Euphorbia celastroides var. kaenana
[syn., Chamaesyce celastroides var. kaenana]
ʻAkoko*, ʻekoko, koko, or kōkōmālei
Endemic to the Hawaiian Islands (Oʻahu only)
* The name ʻakoko comes from the Hawaiian word koko for blood. They get their name from the red, or blood-colored, seed capsules appearing as drops of blood on the plant as seen in this photo.
Fruits & flowers
The generic name Euphorbia is classically supposed to have been named for Euphorbus, a physician to the king of Mauretania in the first century A.D. (C.E.).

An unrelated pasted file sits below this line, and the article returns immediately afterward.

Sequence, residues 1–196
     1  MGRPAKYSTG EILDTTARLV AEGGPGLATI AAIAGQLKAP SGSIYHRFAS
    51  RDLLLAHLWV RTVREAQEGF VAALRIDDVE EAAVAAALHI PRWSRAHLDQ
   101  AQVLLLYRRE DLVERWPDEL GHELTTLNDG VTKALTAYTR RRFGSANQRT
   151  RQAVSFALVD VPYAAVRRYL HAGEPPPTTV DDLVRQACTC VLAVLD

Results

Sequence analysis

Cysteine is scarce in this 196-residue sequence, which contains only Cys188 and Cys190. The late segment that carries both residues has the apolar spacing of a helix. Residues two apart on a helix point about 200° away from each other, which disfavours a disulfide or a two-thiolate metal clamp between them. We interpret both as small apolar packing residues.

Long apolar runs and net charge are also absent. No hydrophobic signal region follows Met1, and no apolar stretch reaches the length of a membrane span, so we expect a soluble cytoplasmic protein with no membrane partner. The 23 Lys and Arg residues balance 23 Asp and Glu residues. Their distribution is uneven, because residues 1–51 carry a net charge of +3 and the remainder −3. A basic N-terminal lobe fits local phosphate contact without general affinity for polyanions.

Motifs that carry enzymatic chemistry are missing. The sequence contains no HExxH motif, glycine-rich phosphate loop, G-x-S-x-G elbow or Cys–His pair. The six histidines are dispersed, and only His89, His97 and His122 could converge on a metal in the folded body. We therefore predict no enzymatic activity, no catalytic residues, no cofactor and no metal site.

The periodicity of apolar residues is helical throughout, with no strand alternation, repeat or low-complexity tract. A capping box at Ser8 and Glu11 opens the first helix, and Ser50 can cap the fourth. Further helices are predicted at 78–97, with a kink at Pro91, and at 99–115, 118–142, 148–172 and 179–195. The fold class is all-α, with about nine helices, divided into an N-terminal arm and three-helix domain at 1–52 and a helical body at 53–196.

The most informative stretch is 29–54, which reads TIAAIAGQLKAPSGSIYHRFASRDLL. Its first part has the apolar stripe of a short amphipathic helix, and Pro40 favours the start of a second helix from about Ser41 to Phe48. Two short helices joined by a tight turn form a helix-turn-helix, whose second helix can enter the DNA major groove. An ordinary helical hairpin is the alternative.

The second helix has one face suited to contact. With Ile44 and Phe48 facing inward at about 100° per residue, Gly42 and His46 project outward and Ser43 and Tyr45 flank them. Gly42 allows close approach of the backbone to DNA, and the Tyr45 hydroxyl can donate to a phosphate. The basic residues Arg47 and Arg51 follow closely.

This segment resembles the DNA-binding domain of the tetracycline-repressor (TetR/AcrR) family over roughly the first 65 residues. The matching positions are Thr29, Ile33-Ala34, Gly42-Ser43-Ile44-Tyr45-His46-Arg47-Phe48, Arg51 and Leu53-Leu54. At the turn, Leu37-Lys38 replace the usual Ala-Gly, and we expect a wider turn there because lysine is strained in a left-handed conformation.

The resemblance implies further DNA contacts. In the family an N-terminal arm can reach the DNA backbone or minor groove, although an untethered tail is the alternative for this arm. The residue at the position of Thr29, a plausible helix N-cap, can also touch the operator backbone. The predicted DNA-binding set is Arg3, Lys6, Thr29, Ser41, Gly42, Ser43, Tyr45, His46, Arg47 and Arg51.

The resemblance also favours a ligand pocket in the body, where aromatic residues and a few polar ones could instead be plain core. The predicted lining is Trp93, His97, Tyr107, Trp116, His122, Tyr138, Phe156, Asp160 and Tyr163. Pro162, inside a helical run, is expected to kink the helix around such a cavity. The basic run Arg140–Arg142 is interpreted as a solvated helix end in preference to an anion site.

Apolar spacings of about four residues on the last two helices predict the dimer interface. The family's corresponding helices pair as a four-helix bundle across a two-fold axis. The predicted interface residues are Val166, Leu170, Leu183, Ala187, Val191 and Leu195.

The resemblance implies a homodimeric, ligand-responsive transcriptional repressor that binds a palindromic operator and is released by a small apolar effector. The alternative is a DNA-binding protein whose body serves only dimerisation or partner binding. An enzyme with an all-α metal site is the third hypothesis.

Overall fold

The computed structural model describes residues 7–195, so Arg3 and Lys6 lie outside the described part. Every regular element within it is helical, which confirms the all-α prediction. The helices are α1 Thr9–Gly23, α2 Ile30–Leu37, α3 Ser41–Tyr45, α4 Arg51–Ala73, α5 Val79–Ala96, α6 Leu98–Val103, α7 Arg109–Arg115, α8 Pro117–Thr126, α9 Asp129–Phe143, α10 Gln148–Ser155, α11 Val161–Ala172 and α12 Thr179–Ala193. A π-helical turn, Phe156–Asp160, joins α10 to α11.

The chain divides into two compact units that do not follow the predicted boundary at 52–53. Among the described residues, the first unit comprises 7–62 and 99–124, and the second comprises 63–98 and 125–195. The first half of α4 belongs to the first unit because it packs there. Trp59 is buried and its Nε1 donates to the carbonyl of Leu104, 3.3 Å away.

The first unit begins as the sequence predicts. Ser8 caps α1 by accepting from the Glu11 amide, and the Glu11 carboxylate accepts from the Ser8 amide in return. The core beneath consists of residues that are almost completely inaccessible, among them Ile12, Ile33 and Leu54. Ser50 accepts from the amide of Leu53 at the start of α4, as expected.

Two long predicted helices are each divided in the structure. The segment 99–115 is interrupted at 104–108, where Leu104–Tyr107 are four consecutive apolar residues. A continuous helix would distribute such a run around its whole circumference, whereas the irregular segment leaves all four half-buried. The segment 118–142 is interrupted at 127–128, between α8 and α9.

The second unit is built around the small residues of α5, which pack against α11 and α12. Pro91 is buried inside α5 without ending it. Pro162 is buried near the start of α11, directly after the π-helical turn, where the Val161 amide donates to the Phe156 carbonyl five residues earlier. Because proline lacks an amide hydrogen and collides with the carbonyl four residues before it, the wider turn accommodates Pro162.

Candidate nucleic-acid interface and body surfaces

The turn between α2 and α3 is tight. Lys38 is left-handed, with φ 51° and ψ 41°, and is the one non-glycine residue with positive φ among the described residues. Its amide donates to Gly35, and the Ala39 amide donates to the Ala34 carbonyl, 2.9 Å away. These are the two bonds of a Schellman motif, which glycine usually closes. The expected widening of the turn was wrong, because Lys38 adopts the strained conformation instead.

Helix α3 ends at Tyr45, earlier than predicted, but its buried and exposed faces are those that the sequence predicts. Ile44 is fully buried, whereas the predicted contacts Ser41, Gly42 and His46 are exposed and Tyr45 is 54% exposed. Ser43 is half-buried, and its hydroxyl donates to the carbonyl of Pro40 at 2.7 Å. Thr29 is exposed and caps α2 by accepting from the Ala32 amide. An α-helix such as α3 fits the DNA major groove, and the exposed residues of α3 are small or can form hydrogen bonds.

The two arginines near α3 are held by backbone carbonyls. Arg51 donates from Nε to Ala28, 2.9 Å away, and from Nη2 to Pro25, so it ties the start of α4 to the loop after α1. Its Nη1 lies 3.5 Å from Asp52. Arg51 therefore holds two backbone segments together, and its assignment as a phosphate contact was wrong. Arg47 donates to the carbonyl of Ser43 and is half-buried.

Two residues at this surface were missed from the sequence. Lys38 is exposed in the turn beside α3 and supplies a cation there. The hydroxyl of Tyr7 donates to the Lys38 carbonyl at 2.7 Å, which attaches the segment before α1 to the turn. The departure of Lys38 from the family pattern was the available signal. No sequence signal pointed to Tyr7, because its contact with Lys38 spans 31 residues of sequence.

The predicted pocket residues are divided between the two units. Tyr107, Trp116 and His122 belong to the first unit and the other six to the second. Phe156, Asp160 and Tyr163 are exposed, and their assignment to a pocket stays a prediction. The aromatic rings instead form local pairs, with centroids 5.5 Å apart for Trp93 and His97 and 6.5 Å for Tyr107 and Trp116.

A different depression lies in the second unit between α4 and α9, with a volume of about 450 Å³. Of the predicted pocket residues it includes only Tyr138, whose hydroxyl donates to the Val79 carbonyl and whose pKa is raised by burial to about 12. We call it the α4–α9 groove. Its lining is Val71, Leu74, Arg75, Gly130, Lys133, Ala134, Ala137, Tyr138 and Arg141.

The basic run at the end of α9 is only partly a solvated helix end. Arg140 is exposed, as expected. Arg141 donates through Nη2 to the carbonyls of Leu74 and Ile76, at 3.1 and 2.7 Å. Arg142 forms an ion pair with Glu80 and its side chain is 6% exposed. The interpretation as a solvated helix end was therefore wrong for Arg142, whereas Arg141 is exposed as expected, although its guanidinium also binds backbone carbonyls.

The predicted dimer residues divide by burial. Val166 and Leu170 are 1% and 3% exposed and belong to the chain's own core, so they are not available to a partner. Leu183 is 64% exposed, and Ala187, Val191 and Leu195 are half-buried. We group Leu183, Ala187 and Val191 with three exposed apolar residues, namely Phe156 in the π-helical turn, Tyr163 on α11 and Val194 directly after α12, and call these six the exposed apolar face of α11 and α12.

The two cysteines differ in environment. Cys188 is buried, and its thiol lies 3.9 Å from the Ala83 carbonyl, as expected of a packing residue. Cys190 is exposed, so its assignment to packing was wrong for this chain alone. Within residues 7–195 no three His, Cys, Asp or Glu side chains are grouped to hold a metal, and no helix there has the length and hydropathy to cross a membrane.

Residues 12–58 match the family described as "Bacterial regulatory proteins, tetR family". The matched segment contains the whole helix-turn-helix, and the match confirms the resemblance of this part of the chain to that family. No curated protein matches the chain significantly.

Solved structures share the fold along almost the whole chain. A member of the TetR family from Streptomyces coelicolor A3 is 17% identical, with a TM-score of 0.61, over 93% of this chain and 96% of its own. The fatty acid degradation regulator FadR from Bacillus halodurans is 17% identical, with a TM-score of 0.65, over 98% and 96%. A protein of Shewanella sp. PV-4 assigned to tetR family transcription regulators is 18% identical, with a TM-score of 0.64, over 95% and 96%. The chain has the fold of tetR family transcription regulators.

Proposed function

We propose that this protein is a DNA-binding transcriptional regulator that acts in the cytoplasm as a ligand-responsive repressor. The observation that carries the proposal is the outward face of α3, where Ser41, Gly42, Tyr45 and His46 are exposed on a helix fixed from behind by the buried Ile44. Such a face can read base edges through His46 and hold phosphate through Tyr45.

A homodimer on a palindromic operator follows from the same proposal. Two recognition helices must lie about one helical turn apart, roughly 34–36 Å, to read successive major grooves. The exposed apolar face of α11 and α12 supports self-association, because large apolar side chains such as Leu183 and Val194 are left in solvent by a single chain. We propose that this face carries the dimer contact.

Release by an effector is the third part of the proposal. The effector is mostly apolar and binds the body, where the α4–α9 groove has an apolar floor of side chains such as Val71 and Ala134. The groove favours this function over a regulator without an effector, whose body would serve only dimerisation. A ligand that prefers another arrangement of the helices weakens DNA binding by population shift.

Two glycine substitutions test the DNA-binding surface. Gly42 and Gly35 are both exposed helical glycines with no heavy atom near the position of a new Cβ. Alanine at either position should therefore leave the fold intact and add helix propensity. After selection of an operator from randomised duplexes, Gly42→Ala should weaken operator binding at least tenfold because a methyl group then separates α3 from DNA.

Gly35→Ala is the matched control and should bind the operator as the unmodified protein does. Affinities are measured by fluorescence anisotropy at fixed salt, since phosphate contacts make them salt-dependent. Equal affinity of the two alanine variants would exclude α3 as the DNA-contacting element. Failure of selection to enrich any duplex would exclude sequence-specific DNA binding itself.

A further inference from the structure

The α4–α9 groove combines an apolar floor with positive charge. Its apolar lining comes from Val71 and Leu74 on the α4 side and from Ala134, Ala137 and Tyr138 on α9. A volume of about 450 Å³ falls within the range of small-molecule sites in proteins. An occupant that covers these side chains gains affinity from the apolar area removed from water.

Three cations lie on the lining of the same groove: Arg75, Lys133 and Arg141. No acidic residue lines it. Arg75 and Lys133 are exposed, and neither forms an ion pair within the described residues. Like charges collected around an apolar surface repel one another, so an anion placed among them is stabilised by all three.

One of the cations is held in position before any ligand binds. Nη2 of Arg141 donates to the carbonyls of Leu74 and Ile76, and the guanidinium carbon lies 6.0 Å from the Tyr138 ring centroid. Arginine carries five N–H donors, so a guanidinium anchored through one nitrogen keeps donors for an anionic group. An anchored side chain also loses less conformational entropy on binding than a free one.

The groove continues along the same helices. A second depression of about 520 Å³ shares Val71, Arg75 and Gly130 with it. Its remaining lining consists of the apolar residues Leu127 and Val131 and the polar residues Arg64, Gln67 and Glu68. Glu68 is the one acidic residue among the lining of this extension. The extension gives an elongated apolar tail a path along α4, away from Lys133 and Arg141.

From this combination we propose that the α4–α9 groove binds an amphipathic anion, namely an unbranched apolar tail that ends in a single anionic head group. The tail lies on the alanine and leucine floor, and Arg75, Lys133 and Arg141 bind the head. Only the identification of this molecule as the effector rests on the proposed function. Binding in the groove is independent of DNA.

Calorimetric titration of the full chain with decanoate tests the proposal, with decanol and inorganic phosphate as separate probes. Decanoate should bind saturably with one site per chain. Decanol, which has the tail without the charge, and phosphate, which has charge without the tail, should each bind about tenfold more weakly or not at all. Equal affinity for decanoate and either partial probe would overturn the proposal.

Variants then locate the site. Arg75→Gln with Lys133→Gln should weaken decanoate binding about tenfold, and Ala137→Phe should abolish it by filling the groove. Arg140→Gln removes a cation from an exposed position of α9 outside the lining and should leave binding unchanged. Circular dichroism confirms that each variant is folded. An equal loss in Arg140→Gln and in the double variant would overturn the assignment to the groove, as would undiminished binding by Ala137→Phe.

The specific epithet celastroides means "resembling Celastrus," a genus of shrubs and vines commonly known as staff vines, staff trees or bittersweet.
The variety kaenana name refers to Kaʻena Point where this species is nearly exclusively found.